The kids had fun seeing very large lizards along the edge of the water and feeding the many giant catfish that live in the river. The catfish in front of the wats (temples) that line the river are always larger because Buddhism doesn't allow fishing in front of the wats. The fish stay in these areas knowing they are safe (and they'll get fed).

We stopped at the Wat of Arun which means Temple of the Dawn. This wat was built in 1782 and the pagoda is a combination of Chinese and Cambodian styles. The pagoda is decorated with pieces of china plates, tea cups, shells and small tiles. Small bells surround the top of the pagoda and are believed to be the voices of the angels. About 500 monks live in this temple and David and Katie decided to receive the monk's blessings in the temple before we left. As we had experienced in Pushkar, the monk gave blessings while sprinkling them with holy water and then gave them cotton bracelets.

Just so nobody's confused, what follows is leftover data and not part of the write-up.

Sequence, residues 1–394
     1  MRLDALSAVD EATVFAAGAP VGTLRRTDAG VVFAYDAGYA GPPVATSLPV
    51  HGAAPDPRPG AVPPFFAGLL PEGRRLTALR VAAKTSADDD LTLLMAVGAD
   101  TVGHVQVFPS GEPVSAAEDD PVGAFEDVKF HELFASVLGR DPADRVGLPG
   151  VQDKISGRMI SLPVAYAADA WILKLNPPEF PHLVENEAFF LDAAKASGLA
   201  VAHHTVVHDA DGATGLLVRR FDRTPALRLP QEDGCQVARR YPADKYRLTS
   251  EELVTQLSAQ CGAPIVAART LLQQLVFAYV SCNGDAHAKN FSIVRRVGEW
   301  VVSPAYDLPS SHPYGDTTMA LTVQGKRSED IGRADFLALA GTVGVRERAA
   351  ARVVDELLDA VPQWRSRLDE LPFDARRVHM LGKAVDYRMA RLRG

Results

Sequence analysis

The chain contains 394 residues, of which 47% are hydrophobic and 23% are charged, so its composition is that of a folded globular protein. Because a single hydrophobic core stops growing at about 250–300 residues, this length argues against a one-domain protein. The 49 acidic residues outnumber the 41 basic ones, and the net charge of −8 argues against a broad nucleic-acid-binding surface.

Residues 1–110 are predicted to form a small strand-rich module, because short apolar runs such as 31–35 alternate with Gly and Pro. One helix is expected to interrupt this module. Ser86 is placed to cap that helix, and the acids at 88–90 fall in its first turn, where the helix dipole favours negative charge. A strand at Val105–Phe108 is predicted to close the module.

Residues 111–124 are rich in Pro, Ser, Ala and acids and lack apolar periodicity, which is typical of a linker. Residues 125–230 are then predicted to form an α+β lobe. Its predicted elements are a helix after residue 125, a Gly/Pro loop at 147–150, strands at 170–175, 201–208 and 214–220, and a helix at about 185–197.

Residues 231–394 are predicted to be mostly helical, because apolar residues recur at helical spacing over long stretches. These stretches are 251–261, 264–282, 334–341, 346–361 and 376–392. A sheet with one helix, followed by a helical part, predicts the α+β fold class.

Similar to Laos, Buddhism is practiced by the majority here and each family strives to have at least one son trained as a monk to ensure their own entry into heaven (sometimes they're a monk only for 2 weeks, but this is enough). Annie told us that many boys attend the monastery with a group of their friends for the three months of school vacation - like a summer camp!

After completing our river excursion, we walked through a small local market with people selling a huge variety of fruits, vegetables and prepared foods. Many of these were new to us, and we're looking forward to exploring larger markets both in Bangkok and in the countryside tomorrow.